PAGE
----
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Connecting to Nature Strengthens Community Health

Panelists share personal stories of connecting to nature. Carl Stafford (pictured far left) emceed the program.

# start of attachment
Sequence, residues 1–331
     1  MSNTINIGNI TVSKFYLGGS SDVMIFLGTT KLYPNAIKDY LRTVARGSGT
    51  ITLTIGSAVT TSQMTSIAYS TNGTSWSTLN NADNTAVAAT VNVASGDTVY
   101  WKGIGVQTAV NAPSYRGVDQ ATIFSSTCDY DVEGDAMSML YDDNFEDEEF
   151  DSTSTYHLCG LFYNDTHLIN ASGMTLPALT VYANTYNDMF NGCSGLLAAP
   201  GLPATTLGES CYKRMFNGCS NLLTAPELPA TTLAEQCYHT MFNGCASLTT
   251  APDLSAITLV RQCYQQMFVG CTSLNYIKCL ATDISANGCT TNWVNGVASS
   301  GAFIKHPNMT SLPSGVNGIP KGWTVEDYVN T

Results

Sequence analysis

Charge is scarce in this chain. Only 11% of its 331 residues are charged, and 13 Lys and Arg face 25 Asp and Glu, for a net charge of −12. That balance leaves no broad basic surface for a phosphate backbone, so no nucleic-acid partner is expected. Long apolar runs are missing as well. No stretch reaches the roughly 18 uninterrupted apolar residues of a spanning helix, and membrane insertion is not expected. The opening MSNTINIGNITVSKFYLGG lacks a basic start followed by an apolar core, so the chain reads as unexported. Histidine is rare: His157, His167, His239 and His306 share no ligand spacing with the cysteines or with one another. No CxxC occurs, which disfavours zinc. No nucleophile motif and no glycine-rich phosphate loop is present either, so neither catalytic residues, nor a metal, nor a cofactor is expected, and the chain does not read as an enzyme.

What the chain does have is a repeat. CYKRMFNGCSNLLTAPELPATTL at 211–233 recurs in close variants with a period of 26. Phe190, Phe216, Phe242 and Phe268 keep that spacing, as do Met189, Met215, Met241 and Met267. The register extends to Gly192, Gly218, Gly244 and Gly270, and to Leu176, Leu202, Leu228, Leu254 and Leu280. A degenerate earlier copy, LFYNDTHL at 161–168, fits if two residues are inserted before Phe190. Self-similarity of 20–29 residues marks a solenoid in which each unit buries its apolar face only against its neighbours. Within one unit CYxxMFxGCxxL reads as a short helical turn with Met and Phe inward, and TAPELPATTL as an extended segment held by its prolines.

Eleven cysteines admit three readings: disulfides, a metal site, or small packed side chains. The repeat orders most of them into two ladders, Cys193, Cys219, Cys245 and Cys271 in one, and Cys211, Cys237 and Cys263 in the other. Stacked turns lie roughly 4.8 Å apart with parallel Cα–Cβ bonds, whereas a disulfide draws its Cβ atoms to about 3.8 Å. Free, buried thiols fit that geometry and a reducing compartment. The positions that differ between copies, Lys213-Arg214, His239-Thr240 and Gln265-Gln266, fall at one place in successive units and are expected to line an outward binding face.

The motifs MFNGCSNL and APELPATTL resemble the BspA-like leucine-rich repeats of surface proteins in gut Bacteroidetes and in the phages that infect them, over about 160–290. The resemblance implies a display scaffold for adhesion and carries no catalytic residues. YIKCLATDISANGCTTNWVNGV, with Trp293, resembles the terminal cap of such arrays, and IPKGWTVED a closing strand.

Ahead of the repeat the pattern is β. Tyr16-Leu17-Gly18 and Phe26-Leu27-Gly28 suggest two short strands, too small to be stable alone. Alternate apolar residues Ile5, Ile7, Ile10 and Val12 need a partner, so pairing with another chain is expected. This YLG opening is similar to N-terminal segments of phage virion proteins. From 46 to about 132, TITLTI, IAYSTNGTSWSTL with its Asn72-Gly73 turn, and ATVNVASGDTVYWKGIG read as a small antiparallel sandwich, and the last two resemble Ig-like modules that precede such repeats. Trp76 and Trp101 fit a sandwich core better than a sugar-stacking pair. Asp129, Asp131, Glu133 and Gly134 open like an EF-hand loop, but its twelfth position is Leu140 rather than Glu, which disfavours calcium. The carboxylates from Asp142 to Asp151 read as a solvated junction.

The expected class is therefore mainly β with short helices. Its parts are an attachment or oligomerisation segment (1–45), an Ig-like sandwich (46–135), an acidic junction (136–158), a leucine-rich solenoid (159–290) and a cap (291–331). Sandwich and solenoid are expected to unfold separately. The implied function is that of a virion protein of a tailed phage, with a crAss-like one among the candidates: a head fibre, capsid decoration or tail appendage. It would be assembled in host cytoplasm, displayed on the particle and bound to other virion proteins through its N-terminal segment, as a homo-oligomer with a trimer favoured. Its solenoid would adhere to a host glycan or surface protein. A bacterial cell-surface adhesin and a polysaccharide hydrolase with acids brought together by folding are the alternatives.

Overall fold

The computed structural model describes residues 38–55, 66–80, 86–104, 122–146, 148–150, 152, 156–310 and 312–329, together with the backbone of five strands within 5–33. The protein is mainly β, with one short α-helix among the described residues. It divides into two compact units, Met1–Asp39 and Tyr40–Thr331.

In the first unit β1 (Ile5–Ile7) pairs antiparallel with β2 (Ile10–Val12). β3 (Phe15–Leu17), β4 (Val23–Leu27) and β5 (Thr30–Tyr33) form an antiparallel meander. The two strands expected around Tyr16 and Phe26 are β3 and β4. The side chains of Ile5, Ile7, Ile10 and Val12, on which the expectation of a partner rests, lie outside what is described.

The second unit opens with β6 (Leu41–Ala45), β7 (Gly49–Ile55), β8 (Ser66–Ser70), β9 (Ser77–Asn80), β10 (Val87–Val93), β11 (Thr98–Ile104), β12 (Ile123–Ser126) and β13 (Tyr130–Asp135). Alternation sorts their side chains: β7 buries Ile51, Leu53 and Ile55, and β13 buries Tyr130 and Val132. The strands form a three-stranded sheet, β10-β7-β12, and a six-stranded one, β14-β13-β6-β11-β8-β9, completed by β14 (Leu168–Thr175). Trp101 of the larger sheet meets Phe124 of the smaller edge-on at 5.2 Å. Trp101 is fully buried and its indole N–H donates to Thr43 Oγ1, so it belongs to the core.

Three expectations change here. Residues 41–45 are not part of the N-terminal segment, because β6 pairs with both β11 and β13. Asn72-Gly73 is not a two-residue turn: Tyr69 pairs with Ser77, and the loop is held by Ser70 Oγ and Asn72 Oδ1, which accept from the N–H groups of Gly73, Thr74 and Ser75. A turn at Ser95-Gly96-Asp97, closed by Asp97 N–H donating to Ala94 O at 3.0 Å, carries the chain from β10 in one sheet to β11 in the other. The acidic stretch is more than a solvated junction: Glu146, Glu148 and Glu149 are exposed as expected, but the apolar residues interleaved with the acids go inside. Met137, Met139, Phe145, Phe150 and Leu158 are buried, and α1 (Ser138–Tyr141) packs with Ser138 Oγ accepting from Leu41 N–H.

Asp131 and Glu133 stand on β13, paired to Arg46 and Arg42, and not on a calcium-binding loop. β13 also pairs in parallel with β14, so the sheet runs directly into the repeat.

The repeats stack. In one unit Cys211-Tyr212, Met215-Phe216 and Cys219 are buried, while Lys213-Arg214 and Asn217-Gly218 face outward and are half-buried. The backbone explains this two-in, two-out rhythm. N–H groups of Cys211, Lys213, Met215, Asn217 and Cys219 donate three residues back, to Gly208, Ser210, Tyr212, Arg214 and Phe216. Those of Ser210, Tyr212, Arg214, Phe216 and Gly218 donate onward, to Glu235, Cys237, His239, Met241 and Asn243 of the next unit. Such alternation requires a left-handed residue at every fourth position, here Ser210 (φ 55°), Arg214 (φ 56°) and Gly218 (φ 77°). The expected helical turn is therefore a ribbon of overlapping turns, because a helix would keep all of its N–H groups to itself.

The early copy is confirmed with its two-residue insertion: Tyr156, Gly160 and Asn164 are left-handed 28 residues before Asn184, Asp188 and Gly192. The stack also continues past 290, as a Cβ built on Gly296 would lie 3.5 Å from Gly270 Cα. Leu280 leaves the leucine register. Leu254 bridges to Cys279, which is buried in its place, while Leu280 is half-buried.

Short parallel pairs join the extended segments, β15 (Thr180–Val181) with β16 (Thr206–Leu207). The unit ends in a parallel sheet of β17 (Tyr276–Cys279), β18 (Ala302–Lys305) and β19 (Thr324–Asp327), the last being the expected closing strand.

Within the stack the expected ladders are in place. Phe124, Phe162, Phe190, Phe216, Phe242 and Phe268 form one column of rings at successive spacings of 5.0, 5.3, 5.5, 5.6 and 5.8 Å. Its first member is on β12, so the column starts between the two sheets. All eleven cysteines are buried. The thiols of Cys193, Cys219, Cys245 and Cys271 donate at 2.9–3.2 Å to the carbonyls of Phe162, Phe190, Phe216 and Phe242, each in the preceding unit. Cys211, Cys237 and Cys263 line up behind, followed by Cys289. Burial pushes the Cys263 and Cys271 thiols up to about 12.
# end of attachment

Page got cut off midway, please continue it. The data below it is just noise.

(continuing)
Each year, Heartland Conservation Alliance hosts the Annual Partnership Summit to celebrate the work of Alliance members and partners working together to protect nature and connect more people to nature in the metropolitan Kansas City area. This year’s event was held at Boulevard Brewery on Monday, Nov. 4 and featured the theme: Community Connections. The Blue River and nature connects all of us. Five Alliance members shared personal stories of connecting communities to nature, and in return, connecting communities to each other. Panelists included Antoney Perez,, Belinda Shelby, Ann Pai, Ian Fannin-Hughes and Bill Brant. The program was emceed by HCA Partnership Work Group member, Carl Stafford. Antoney Perez, Police Athletic League, leads recreational programs for area teens, including taking kids on bike rides on trails along the Blue River. He shared how he would like to see more people in his community connecting to nature. He envisions a river with more access, including more river access for canoeing. “[Experiencing] the Blue River taught me, and helped me teach other people, the importance of taking responsibility of the area in which we live and to take responsibility in the work in which we do,” shared Belinda Shelby, local social worker 2018 Green Guard Steward. “There are 25 miles along the Blue River, but the connection is a little bit deeper,” observed Ann Pai, Urban Trail Co. who is working to build trails and train volunteers throughout the Blue River corridor. “Most people who volunteer to help with trails do so within five miles That means the real connection is connecting neighbors to come and help care for a bit of nature right by their houses.” “We need advocates for watersheds and streams,” added Ian Fannin-Hughes, City of Overland Park Public Works and HCA Steering Council member. “We need someone to say, this is what’s in the best interest for Wolf Creek, Coffee Creek. We need them to be an advocate for everything going wrong and going right.” "The Blue River, including the riparian land adjacent to the river, provides a community connection in a way that roads and highways do not,” summed up long-time Blue River volunteer Bill Brant. “A person can travel along the Blue River and go from one community to another while immersed in nature. I have met folks from all parts of the metro area along the Blue River." There are many stories that inspire and encourage stewardship for the Blue River and we hope these stories carry into the new year and help us all be more thoughtful of the ways nature connects and strengthens our connections.

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